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Inbox Zero 
2008-07-12 (Sat) 11:48
My inbox has been a disaster area for years. Even with 500+ lines of procmail filtering, and archiving quite a lot of stuff, it was approaching 12000 messages and there was no realistic prospect of me ever getting round to replying to most of that. On top of this, both work and personal mail came into the same inbox, so if unarchived work mail for the day caused some personal mail to scroll off the top, I probably wouldn't get around to the personal mail. The whole thing came up in my performance review at work, and after a friend poked me about not having replied to "hey, let's catch up"-type mails for ages, I finally pulled my finger out and decided to try Inbox Zero.

Six days later, I have: three empty inboxes (work, Debian, and personal); one mailbox containing what used to be in my inbox, from which I've archived about 2500 mails elsewhere; one to-do (or "to reply to") mailbox with five items in it; and some happy people with prompt replies from me. Moving my old inbox aside would achieve nothing if I weren't dealing with new things coming in or making progress with its former contents, so this seems like a pretty good result so far.

Thing I haven't got right so far: I'm now checking my e-mail too often because the inbox is so shiny and clean that I can't quite get over it. :-) I'm spending next week in London, so that should forcibly help me out of that habit.

Thing I don't like about Inbox Zero (but fortunately is a non-essential component): the recommendation to use very few archive folders. Aside from not especially liking the idea of relinquishing all my mail to Gmail, I find that I'm much more likely to be able reliably to identify the topic identifying its folder (and then maybe to pare that down by sender or something) than I am to be able to identify a halfway-useful set of search terms. If I went back and labelled everything to match my topic-based folders then I might be able to use a single archive folder, but I don't really see the value in bothering with that. I don't often find myself spending much time searching archive folders, and when I do it's usually when I'm running statistics on things like bug folders. I'll ignore this bit unless and until it becomes a problem.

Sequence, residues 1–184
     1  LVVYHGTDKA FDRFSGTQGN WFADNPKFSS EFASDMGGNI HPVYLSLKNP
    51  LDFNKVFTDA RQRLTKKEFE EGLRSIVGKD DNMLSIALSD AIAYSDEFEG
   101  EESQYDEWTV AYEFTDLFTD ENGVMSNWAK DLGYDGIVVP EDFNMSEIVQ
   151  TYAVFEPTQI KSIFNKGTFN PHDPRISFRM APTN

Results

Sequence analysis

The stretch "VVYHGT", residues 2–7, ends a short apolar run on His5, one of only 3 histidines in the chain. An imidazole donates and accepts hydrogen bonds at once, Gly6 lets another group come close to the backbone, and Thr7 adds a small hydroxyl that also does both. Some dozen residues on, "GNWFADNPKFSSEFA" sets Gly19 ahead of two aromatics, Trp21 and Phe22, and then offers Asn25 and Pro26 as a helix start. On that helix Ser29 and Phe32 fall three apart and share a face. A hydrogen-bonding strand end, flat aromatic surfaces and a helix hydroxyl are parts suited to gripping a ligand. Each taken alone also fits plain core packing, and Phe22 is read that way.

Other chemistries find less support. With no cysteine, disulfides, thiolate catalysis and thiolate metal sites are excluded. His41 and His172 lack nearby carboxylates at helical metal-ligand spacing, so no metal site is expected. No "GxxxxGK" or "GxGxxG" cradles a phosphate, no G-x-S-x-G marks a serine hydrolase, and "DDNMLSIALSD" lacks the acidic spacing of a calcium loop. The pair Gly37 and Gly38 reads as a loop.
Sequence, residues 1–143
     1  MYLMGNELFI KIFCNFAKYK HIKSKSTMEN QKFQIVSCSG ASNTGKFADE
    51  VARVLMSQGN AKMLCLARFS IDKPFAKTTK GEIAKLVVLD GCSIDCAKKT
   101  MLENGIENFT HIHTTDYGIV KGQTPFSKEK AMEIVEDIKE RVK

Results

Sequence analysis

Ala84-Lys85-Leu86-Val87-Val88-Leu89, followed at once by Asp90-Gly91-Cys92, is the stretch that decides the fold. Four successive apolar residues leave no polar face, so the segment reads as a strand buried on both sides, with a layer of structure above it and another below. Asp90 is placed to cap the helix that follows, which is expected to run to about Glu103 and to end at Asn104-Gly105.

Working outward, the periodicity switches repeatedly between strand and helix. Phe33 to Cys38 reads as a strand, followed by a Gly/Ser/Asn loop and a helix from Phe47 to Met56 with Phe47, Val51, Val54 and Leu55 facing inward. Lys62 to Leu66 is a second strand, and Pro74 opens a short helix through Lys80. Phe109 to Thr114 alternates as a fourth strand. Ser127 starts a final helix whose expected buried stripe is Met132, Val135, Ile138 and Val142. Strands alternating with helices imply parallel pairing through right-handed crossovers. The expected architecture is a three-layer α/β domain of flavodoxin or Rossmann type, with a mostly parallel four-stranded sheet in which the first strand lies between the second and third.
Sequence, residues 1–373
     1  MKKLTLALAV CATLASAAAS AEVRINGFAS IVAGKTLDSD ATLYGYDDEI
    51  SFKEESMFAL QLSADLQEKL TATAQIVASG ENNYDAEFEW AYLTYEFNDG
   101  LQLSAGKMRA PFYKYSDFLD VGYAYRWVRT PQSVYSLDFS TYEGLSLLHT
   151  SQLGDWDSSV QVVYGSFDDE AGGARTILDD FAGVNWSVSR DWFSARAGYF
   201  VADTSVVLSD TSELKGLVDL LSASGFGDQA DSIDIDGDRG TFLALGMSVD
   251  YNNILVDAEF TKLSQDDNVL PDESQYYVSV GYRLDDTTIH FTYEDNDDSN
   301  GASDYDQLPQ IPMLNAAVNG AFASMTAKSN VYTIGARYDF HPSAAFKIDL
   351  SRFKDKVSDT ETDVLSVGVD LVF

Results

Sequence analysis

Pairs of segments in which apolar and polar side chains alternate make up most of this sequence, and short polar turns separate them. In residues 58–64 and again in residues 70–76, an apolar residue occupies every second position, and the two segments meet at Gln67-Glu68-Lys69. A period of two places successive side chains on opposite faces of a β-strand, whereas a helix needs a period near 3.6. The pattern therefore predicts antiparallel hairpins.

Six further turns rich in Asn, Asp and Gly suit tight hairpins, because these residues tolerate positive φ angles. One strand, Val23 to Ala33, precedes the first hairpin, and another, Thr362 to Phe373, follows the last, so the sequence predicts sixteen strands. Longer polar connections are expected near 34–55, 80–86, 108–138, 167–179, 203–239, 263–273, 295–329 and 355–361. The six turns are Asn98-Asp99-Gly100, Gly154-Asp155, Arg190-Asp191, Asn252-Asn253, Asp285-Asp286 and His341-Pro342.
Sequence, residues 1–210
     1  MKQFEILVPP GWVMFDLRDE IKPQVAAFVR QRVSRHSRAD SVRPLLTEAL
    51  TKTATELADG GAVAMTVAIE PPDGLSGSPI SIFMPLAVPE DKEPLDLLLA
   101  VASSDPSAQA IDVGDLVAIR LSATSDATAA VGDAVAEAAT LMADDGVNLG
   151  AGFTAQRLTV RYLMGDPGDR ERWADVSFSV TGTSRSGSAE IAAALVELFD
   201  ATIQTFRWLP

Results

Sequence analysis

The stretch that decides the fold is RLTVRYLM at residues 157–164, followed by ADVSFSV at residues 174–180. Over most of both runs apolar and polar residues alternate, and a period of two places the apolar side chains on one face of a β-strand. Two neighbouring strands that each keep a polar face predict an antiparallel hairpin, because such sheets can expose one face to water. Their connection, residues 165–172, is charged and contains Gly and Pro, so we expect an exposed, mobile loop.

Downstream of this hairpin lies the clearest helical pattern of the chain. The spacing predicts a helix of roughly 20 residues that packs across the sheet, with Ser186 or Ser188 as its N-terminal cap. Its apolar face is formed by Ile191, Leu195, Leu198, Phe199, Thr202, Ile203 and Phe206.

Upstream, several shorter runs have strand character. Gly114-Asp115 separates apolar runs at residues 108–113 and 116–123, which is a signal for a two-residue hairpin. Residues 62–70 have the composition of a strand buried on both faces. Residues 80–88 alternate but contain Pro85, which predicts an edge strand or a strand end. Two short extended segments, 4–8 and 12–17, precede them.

Edit: Which all means "if you've sent me personal mail expecting a reply and I haven't replied to it yet, I probably won't, so please resend it".
2008-07-12 (Sat) 12:48 (UTC)
Yeah, the as-few-folders-as-possible thing seemed daft, given that there was absolutely no way I would put my mail on GMail. Since then though, there's been Sup, which is basically mutt but not quite.

Anyway, despite Sup's flaws (after all, I still use mutt), it does have a very GMail-style approach to managing email, and I can respect the value of having a cross-folder overview. Most folders I look in while reading mail will have messages flagged that I should've dealt with years ago, but I miss them out because I don't check those folders when I'm scanning for flagged mails. These kinds of things.

Might be worth a go?
2008-07-12 (Sat) 13:32 (UTC)
Thanks for the link, I found it interesting reading. Some of it I do already but there are always more tricks to learn, and I'm certainly not at zero emails though I'd love to be. I have just now installed Thunderbird so I can see if email templates are useful.
2008-07-14 (Mon) 09:30 (UTC)
I have 12 boxes: in, out, sent, deleted, drafts, admin, BT admin, other stuff, paypal, Scottish Power admin, website stuff and work stuff. the trick is to set aside one or two times to sort email, as you might sort real post when the postman comes, to reply to everything you need to, wipe everything possible, file stuff that you need to keep, archive stuff that you don't need but maybe shouldn't wipe, and flag or mark as unread stuff that needs doing later (perhaps with a note on the calendar).

For my next trick, I am learning how to teach my Grandmother how to suck eggs...
2008-08-10 (Sun) 01:17 (UTC) - Just wanted to say
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